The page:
29 November 2012

Congo-Kinshasa: Humanitarian Toll in Eastern Congo 'Devastating,' Clinton Says

Washington — Secretary of State Hillary Rodham Clinton says the humanitarian impact of the conflict in the eastern part of the Democratic Republic of Congo (DRC) has been devastating and that those behind recent human rights abuses must be held accountable.

Speaking with African Union (AU) Chairperson Nkosazana Dlamini-Zuma November 28 in Washington, Clinton said the United States strongly condemns the "tactics of fear and intimidation" that have accompanied the conflict since a rebellion broke out in the region in April.

Clinton said more than 285,000 people have been forced to flee their homes and are in need of critical assistance. In addition, she said, health workers in the city of Goma have been killed and abducted, and civil society and human rights activists as well as judicial authorities throughout the DRC have received death threats.

The secretary said the Obama administration has welcomed an agreement reached November 24 in Kampala, Uganda, between the leaders of the DRC, Uganda and Rwanda to try to peacefully resolve the conflict, including ending "any and all support" for the M23 rebel group that has captured Goma and other parts of eastern Congo.

The AU joined the November 24 discussions in Kampala, where the parties agreed that M23 "must be out" of areas it has seized in eastern Congo and be replaced by a neutral force, while President Kabila will listen to and evaluate the group's concerns.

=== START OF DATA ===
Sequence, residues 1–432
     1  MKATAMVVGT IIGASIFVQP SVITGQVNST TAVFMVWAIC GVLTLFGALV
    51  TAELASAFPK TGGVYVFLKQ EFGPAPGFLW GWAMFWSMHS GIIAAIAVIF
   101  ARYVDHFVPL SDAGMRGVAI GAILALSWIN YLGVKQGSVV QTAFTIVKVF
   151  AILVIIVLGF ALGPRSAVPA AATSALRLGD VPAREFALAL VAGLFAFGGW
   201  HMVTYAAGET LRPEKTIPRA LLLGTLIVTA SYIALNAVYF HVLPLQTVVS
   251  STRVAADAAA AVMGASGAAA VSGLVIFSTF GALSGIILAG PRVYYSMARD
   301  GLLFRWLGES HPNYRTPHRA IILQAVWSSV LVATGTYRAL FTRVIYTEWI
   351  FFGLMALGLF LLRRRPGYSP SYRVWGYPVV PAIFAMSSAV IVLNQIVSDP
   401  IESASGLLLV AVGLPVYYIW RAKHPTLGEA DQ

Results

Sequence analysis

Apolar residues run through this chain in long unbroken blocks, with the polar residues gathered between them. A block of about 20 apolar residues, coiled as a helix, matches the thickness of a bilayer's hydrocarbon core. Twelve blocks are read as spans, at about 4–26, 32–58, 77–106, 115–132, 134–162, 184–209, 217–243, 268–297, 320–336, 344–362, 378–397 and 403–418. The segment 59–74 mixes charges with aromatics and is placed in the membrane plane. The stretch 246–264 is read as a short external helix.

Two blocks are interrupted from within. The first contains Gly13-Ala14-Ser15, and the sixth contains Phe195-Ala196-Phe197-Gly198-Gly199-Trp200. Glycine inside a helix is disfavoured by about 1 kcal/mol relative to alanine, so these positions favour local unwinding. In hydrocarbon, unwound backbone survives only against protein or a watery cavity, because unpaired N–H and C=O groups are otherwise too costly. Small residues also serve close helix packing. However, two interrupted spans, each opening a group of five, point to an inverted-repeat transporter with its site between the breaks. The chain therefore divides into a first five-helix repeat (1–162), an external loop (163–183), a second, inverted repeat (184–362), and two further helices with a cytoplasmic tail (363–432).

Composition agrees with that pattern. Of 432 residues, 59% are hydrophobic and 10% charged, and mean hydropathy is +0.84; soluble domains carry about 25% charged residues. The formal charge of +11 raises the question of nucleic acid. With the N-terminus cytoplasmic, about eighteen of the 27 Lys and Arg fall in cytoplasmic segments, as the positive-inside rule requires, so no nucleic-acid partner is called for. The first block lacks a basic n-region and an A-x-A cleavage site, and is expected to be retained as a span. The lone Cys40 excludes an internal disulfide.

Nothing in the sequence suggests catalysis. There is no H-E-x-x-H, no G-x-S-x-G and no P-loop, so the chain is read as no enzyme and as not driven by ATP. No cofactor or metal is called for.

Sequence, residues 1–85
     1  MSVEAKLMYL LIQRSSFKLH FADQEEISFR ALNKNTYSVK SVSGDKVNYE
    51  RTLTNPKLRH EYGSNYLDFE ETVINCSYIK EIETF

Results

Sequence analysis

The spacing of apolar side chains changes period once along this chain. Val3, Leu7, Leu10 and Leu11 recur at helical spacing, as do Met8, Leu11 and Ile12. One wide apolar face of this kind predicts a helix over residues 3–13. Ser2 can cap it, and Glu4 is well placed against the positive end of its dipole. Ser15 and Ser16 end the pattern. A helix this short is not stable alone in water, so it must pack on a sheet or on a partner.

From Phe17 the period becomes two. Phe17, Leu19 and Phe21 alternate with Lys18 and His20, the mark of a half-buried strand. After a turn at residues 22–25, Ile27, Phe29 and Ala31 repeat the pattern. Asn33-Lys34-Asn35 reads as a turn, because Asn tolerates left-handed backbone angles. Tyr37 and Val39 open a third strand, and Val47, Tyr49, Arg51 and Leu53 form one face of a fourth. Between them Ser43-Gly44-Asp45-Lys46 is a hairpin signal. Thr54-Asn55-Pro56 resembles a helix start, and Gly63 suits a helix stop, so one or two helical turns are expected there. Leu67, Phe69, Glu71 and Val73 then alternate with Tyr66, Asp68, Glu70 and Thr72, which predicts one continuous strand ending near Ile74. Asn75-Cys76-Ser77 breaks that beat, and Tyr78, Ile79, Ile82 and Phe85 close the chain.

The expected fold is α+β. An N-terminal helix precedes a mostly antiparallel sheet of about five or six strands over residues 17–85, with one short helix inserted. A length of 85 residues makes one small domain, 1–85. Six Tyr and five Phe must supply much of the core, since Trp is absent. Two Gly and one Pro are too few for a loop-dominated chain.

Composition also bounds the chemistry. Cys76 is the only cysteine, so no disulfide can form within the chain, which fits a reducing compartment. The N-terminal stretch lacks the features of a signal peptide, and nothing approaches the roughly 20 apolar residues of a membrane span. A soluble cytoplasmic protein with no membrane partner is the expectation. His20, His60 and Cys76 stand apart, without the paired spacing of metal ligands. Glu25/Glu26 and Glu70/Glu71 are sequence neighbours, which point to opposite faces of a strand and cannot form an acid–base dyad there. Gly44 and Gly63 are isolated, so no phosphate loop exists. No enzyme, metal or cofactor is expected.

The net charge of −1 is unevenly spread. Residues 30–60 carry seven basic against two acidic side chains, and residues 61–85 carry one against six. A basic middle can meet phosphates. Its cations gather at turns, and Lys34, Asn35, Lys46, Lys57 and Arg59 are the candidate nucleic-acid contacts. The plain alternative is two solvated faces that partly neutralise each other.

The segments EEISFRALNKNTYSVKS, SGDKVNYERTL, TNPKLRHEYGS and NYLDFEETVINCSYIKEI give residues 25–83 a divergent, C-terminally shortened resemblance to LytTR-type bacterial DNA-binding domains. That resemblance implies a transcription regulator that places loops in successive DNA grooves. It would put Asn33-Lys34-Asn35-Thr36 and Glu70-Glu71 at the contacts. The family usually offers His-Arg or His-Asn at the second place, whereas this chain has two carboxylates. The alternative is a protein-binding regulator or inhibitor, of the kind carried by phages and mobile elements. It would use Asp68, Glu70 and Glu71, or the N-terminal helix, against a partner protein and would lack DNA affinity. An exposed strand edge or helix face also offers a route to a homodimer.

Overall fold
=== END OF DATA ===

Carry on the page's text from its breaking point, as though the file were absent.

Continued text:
"There is only one way forward" for M23, Clinton said. "They must meet their commitments under the Kampala Accords to cease their attacks, withdraw from Goma, and pull back to the July lines."

Under the Kampala agreement, the DRC government led by President Joseph Kabila "has agreed to hear and address the grievances of the M23 leaders," she said.

The agreement offers "a path forward," Clinton said, but "it is up to the parties now to hold themselves accountable, and each other, for acting on those agreements."

Clinton praised the role of the AU in working to resolve African conflicts, including in Somalia, the Darfur region of Sudan and Mali, and between Sudan and South Sudan. She said the United States also supports the AU's leadership in facilitating a resolution to the conflict in eastern DRC.

"The AU is the partner who is best able to empower and mobilize the resources and the will throughout the continent to address crises, and we are very pleased to see this strong role getting even stronger," she said.

Dlamini-Zuma said the AU is focusing its work to bring about "a prosperous Africa which is at peace with itself and the world."

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